As a new mom, I rushed to my baby’s side at the slightest sound of a whimper, thinking that’s what I was supposed to do. Instead, I only drove myself crazy and, more importantly, denied him the chance to soothe himself back to sleep.
If your baby happens to wake up in the middle of the night, give him a few minutes to settle. All babies experience discomfort, and teething comes in all levels of pain. If he sounds like he’s complaining over mild pain, giving him a few minutes could help him learn to better manage small-scale discomfort.
Even better: he just might put himself to sleep after those few minutes. Not only have you extended his sleep, but he has also learned how to do this in the future.
Free resource: If you’re struggling with putting him to sleep, you can teach him to self-soothe and sleep on his own. Whether you’ve tried to teach him to self-soothe in the past or are just now considering it, take a look at the 5 key mistakes to avoid. Join my newsletter and grab this resource below—at no cost to you.
5. Soothing tablets
Another option is to offer soothing tablets. You place one tablet at a time on a baby’s tongue, where it dissolves quickly. You can also dissolve the tablets in water and offer it as a drink.
6. Stuffed animal pacifier
One of the biggest challenges parents face during teething is the frustration of the lost pacifier. Their babies could actually sleep through the night with their pacifiers… that is, until they can’t find them in the middle of the night.
A simple trick? A combined stuffed animal and pacifier!
Many parents swear by the WubbaNub, a stuffed animal with an attached pacifier. You can imagine how much easier it is for your baby to find it in the middle of the night. It’s also much less likely to get lost, especially if he holds it in his arms.
Lion WubbaNub Soft Toy and Infant Pacifier
7. Take turns with your partner
When all else fails, create a plan with your partner to tag-team your baby’s teething wake-ups.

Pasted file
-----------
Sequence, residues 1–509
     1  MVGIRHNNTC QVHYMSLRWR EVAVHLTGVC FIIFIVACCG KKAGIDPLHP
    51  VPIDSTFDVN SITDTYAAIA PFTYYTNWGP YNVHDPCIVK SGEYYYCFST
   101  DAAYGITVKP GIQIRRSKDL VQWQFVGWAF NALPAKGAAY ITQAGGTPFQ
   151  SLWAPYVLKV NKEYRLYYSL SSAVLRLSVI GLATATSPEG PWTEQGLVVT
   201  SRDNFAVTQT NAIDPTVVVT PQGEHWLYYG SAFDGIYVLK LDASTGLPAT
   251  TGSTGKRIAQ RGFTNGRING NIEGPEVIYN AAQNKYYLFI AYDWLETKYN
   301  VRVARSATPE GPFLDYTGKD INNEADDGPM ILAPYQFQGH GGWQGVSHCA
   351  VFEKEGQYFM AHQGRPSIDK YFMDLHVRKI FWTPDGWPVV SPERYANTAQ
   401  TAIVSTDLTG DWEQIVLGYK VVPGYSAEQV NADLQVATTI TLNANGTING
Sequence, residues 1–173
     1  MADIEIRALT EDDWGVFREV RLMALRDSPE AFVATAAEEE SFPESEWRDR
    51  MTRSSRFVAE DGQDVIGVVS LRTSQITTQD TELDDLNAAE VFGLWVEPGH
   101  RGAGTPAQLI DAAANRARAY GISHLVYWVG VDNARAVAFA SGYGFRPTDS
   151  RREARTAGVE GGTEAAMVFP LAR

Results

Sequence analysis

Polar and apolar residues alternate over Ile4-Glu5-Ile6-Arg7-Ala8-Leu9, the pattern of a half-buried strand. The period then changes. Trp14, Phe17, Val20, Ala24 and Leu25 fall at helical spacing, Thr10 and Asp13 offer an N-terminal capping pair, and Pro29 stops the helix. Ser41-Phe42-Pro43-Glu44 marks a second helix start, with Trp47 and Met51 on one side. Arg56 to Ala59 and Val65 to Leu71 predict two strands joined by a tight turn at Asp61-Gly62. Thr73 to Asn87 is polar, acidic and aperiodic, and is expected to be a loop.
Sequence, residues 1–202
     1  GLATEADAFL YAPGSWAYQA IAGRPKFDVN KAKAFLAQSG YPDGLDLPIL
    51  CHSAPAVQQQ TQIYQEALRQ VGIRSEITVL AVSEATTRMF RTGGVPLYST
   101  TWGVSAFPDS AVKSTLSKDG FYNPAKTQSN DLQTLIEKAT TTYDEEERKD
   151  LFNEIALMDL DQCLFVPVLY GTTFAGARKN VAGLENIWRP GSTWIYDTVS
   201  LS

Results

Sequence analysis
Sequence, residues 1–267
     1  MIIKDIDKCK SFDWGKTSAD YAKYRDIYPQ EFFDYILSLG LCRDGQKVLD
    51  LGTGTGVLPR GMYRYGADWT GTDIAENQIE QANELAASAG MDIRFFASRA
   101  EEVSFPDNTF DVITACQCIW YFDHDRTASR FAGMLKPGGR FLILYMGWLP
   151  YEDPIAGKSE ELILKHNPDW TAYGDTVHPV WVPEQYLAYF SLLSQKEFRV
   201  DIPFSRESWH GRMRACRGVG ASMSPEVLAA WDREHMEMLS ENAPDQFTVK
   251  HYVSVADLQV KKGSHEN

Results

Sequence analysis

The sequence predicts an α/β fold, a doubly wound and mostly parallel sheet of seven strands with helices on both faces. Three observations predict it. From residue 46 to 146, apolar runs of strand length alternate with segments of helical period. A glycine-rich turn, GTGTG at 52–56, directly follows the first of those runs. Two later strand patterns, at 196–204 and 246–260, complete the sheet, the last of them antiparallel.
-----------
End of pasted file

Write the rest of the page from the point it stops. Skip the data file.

Perhaps you handle one night while he does the next, or you take the early evening shift and he the morning one. He could manage the morning rush with your other kids while you catch up on lost sleep with the baby.
And most important, remind each other that this is temporary. That after this stretch of teething, you can always “re-train” your baby back to his old sleeping habits and help him sleep well once again. But for now, relying on one another will be a huge source of support and help when you most need it.
What to do when your teething baby won’t sleep unless held.
Teething is never fun, for either parent or baby. But learning how to get a teething baby to sleep is possible, especially with the tips and tricks you learned.
Help your baby relieve discomfort with cold teething rings, soothing gels and tablets, and pain relief medicine. A stuffed animal pacifier combo can help him stay asleep longer. Give him a few minutes before rushing into the room right away—he just might soothe himself back to sleep.
And finally, tag team with your partner or other adult to get through these difficult nights. No matter how frustrating teething can be, remember that it’s not forever.
As much as I wanted to “blame” teething for just about every fit and cry, I also knew that it truly did cause some pain and discomfort. Thankfully, nothing that these tips and tricks—and a quick walk around the neighborhood—couldn’t solve.
Get more tips:
- 5 Reasons Your Baby Wakes Up Crying Hysterically
- Baby Refuses to Eat Solids? Simple Hacks for Easier Mealtimes
- 4 Effective Tricks to Handle a Baby Not Drinking Milk
- 11 Things Moms Do with the First Baby We Don’t Do with the Second
- How to Entertain a Baby
Don’t forget: Join my newsletter and grab the 5 mistakes that are keeping him from self-soothing below—at no cost to you: